Shusuke Kaneko’s attempt to revise the Godzilla series comes with mixed results. For one, Godzilla Mothra and King Ghidorah: Giant Monsters All-Out Attack considerably disrupts the continuity of the series – not that this was ever a particularly strong element. It essentially pretends that all the other sequels subsequent to Godzilla, King of the Monsters (1954) did not exist. We are told that Godzilla was destroyed in 1954 and only revived now. Godzilla also reverts to being a monster rather than Japan’s protector. The design has been streamlined and Godzilla made to look a much more evil creation than before – narrowed eyes, a squat square-shaped head and snout, while it gains the ability to create miniature atomic bombs with his breath. When it comes to the character of Mothra, the film dispenses with the twin sisters that have accompanied it throughout all its other appearances on film (although Shusuke Kaneko does include a brief shot where Mothra first takes to the air and we see two twin sisters looking up in a mall). Kaneko also tosses off amusingly snide putdowns of the much-reviled American remake Godzilla (1998). It is mentioned how one of the Godzilla monsters attacked New York at the end of last century. “That was Godzilla – right?” “They say so in America. But not in Japan.”
Toho clearly believed that in employing Shusuke Kaneko that he would create an enthralling special effects vehicle as he had done with Daiei’s Gamera series. One’s expectation of Godzilla Mothra and King Ghidorah: Giant Monsters All-Out Attack was that Shusuke Kaneko would have created a kickass Godzilla film to end all Godzilla films. Unfortunately, the results emerge somewhat less than the expectation. Certainly, Shusuke Kaneko is one of the few kaiju eiga directors to fully depict the mass destruction that such monsters would undoubtedly create – his films often feel like they are placing giant monsters into the real world – and there is a good deal of random violence wherein innocent passers-by are killed. However, he fails to quite hit the same heights here that he did with his Gamera films. Some of the monsters look decidedly less than special. Baragon is designed like a big plastic toy with an absurd bright orange horn planted in the middle of his forehead that looks like it might have stepped out of a 1970s Godzilla film. He is even called ‘kawaii’ (Japanese for cute) at one point. Ghidorah looks glassy-eyed and immobile with its stubby wings and oversized feet.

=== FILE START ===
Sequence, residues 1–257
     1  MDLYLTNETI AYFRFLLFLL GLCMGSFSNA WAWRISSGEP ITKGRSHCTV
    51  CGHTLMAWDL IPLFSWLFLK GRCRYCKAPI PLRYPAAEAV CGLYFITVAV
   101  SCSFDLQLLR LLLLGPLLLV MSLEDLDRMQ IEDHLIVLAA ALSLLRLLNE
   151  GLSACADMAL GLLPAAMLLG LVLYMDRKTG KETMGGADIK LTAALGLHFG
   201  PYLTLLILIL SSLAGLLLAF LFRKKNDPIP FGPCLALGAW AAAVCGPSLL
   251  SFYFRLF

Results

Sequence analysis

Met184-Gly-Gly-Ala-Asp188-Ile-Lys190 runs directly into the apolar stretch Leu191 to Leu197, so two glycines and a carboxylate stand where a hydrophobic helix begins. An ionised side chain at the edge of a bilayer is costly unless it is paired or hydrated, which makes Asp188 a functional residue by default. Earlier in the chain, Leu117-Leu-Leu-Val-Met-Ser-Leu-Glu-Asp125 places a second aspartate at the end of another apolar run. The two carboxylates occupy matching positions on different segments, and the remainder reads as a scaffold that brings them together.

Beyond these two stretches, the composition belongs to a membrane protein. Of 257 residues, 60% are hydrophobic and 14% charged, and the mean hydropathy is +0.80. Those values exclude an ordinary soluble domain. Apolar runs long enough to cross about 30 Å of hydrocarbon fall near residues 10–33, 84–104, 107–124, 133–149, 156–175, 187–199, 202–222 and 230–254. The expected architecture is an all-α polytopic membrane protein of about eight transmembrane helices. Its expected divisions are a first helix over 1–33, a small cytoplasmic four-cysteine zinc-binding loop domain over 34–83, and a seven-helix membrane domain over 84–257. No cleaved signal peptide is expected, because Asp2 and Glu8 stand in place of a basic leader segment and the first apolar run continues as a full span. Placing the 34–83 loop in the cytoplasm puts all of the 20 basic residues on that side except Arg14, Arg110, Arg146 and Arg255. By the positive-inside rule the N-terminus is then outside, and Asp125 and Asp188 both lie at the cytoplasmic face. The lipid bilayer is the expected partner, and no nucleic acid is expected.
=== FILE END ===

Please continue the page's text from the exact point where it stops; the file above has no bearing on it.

That said, Shusuke Kaneko still delivers some highly impressive mass destruction sequences. Characteristically, Kaneko takes his time building up to the entrance of the monsters – it is a full 35 minutes before any of them appear. Godzilla has a great entrance – a giant waterspout appearing over the harbour and then it first being seen from knee-height looking upwards and dropping a boat from its mouth. There are some stunning special effects set-pieces with Godzilla lasering Baragon with its breath and bringing down an entire mountainside, or Godzilla in the middle of a valley blasting fighter planes down in flames with its breath.